Creative Destruction is a term popularised by Austrian American Economist, Joseph Schumpeter, to describe the process through which a new technology or innovation in an industry brings about the demise of something that existed before it.
In today’s terms, mp3 players, watches, gameboys and point and shoot cameras were all replaced by the smartphone in one fell swoop; CDs were replaced by streamed digital music.
The publishing industry has received a double whammy in recent years. First along came Amazon, removing borders and offering up every book in print (and backlisted) books with a few clicks, from anywhere in the world. No longer were people herded into their local bookseller to purchase whatever was on the shelves, or if you had your heart set on a particular title, order it and wait weeks for it to be delivered to the bookshop (and pay whatever retail price had been set for that title).
People now had choice – if they embraced the new era of online book publishing.
The second blow to the established model came when digital media went mainstream, removing any delay in the purchase process as books were instantly downloaded to your electronic device. Enter frictionless buying.
So as technology has become more advanced and the ability to read books digitally has become easier, cheaper, and sometimes necessary – the demand for heavy printed tomes has diminished.
According to James Daunt, the founder of London-based independent bookseller, Daunt Books these industry shake-ups have affected some genres much more than others, with fiction, and in particular romance and thrillers have seen the biggest change in how it is consumed.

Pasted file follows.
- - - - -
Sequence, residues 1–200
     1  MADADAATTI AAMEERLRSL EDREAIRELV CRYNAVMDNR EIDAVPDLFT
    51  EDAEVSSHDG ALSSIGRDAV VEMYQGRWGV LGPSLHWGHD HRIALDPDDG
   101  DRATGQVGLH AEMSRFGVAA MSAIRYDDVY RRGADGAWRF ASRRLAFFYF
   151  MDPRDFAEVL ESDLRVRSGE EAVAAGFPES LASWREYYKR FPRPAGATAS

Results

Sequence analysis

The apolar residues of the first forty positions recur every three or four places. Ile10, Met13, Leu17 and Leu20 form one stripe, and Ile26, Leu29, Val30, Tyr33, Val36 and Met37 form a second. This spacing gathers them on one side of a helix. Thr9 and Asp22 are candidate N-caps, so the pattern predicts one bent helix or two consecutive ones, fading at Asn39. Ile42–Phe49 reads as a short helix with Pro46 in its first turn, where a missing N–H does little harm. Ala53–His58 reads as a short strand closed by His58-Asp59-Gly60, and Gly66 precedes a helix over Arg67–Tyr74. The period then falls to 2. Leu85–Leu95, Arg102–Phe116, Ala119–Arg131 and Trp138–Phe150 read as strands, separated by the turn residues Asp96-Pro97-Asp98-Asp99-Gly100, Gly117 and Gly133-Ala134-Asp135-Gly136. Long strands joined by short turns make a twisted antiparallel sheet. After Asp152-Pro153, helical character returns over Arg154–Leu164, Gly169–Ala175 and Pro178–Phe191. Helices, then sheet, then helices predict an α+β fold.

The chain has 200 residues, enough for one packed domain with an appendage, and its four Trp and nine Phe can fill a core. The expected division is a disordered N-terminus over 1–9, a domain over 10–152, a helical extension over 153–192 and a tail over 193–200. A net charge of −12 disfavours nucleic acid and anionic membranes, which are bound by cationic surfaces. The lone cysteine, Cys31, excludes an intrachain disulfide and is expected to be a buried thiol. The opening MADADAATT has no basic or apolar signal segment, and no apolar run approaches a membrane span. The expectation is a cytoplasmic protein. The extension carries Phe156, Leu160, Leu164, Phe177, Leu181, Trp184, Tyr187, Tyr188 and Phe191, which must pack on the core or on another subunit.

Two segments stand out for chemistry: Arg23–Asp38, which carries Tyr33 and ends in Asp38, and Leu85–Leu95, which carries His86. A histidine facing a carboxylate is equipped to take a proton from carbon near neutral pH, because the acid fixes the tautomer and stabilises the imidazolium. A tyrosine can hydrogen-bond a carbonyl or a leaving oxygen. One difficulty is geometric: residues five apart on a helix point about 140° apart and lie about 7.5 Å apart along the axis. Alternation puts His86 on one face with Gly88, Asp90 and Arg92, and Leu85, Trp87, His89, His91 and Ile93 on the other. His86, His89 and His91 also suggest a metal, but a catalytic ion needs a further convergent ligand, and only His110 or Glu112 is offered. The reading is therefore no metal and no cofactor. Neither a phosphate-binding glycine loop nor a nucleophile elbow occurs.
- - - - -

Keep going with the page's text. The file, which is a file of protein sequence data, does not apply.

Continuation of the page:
For authors of these genres, this has been a complete game-changer. The easy reading categories that are favoured by travellers, commuters and enthusiasts being accessible on a device that weighs less than one single book in those categories, have created a user-driven growth in these categories and subsequent sub-categories like we’ve never seen before.
As James Daunt observes, “People seem to have reached the point in which they have digital devices and e-readers, which play an important part in their reading, but it’s not all of their reading. And some genres of bookselling have quite clearly gone significantly over to digital, fiction above all, but others have remained embedded and rooted in the physical world.“
I agree that there is an enduring appeal of physical books, particularly when they are beautiful and ‘keep sake-ish’ in some way. There are books I treasure and hold pride of place on my bookshelf. However, as new technologies overcome the idiosyncrasies created in illustrated and layouts of text-book centric issues (don’t get me started on embedded tables!) – it stands to reason that penetration of digital into non-fiction, history and children’s books will see a surge of their own. For some late-adopting categories, it’s only a matter of time. For others, they may never get there, and that’s a good thing too.
“If you’re one of those rare people who self-publishes successfully, you’re in a great position twice over because first of all, you’ve got the sales. Secondly, you’re peeling off all the profit.” James Daunt